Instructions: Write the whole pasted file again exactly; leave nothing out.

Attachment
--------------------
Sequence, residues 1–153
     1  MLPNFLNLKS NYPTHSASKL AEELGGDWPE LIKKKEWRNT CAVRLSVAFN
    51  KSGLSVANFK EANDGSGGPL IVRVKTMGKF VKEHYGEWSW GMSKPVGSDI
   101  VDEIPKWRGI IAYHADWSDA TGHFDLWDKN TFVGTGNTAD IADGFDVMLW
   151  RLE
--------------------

Sequence, residues 1–153
     1  MLPNFLNLKS NYPTHSASKL AEELGGDWPE LIKKKEWRNT CAVRLSVAFN
    51  KSGLSVANFK EANDGSGGPL IVRVKTMGKF VKEHYGEWSW GMSKPVGSDI
   101  VDEIPKWRGI IAYHADWSDA TGHFDLWDKN TFVGTGNTAD IADGFDVMLW
   151  RLE